same coordinates. We selected the 2,243,467 cities with unique
coordinates to build our
dataset worldcities. In the second stage,
we generated the *Delaunay Triangulation* of the coordinates generated in the first stage. The
triangulations were generated
using Triangle,
a piece of software dedicated to the generation of meshes and
triangulations (Our triangulations were generated using the options
-cezCBVPNE.). In the third stage, we generated the maximal plane graph
and the canonical ordering of the Delaunay triangulation computed in the
second stage. Both the graph and the canonical ordering were computed
using the Boost Library. The graph
was generated with the function make_maximal_planar
and the canonical ordering was computed with the
function planar_canonical_ordering. Finally,
in the fourth stage, we generated the canonical spanning tree of each
maximal plane graph. We repeated each experiment five times and recorded
the median time.

The experiments were carried out on a machine with four 16-core AMD Opteron® 6278 processors clocked at 2.4GHz, with 64KB of L1 cache per core, 2MB of L2 cache shared between two cores, and 6MB of L3 cache shared between 8 cores. The machine had 189GB of DDR3 RAM, clocked at 1333MHz. Running times were measured using the high-resolution (nanosecond) C functions in time.h. Memory usage was measured using the tools provided by malloc_count.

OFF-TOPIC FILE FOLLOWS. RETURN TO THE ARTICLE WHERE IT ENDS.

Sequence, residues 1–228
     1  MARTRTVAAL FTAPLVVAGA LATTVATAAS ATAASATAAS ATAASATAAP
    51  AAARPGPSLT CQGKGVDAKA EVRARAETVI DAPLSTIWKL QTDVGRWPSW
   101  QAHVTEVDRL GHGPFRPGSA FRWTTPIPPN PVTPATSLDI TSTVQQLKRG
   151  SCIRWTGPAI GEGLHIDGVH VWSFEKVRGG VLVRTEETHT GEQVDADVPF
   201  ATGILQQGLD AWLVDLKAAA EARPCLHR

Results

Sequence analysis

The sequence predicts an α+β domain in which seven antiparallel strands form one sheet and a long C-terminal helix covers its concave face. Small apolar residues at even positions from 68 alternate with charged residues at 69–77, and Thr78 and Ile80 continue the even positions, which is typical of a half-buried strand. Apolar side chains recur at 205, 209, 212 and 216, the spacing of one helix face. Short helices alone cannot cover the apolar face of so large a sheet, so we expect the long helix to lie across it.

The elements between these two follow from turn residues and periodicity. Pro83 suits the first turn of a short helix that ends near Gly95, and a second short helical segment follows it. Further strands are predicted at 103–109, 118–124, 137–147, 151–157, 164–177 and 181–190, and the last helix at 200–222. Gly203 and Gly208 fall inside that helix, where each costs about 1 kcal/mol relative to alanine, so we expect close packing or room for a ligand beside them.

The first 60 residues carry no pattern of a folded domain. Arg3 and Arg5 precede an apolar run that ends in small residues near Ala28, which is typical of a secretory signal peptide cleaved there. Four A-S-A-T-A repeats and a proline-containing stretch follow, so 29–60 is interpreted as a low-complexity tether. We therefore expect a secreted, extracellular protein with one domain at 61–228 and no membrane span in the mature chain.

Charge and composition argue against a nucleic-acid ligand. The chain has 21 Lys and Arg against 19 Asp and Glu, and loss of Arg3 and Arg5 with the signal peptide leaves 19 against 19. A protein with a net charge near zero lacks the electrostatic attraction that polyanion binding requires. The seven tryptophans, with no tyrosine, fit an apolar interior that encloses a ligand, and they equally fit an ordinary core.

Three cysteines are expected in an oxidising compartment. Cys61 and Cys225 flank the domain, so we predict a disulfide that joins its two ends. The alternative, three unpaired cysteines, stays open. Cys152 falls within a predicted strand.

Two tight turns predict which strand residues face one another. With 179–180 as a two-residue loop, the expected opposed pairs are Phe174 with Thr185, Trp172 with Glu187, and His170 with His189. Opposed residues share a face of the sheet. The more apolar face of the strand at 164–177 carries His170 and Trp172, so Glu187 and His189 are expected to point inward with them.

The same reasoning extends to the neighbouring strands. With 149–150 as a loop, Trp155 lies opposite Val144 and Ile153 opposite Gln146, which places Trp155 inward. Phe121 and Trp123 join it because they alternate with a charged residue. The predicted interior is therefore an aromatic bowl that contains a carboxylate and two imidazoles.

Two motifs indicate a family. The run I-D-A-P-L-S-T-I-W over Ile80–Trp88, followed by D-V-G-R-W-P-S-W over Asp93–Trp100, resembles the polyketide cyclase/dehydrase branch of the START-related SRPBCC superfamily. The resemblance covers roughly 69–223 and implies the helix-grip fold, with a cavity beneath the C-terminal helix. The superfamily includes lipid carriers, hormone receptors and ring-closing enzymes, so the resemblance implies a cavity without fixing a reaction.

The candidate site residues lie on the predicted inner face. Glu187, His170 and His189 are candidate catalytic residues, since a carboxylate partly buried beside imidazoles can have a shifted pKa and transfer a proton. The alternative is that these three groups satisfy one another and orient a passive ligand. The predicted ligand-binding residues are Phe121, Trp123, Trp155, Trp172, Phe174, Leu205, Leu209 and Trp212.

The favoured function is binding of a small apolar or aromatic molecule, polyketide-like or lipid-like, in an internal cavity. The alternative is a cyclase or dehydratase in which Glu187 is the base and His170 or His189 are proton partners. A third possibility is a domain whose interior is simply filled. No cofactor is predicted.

- [1] Richie Chih-Nan Chuang, Ashim Garg, Xin He, Ming-Yang Kao, and Hsueh-I Lu: Compact encodings of planar graphs via canonical orderings and multiple parentheses. In Automata, Languages and Programming. pp. 118–129. Springer Berlin Heidelberg (1998)
- [2] Richie Chih-Nan Chuang, Ashim Garg, Xin He, Ming-Yang Kao, and Hsueh-I Lu: Compact Encodings of Planar Graphs via Canonical Orderings and Multiple Parentheses. In CoRR, cs.DS/0102005 (2001)
- [3] Xin He, Ming-Yang Kao, and Hsueh-I Lu: Linear-time succinct encodings of planar graphs via canonical orderings. In SIAM Journal on Discrete Mathematics. 12(3): pp. 317–325 (1999)
- [4] Melanie Badent, Ulrik Brandes, and Sabine Cornelsen: More canonical ordering. In Journal of Graph Algorithms and Applications, 15(1): pp. 97–126 (2011)
- [5] Jérémy Barbay, Luca Castelli Aleardi, Meng He, and J.Ian Munro: Succinct representation of labeled graphs. In Algorithmica, 62(1-2): pp. 224–257 (2012)
- [6] Walter Schnyder. Embedding planar graphs on the grid. In Proceedings of the First Annual ACM-SIAM Symposium on Discrete Algorithms, SODA ’90. pp. 138–148. Philadelphia, PA, USA (1990).
- [7] Yi-Ting Chiang, Ching-Chi Lin, and Hsueh-I Lu: Orderly spanning trees with applications. SIAM J. Comput., 34(4): pp. 924–945 (2005)
- [8] Kazuyuki Miura, Machiko Azuma, and Takao Nishizeki: Canonical decomposi- tion, realizer, schnyder labeling and orderly spanning trees of plane graphs. In International Journal of Foundations of Computer Science, 16(01):pp. 117–141 (2005)

This work was supported the doctoral scholarship of CONICYT (21120974) and in part by the Emerging Leaders in the Americas scholarship programme

Contact us at: jfuentess@udec.cl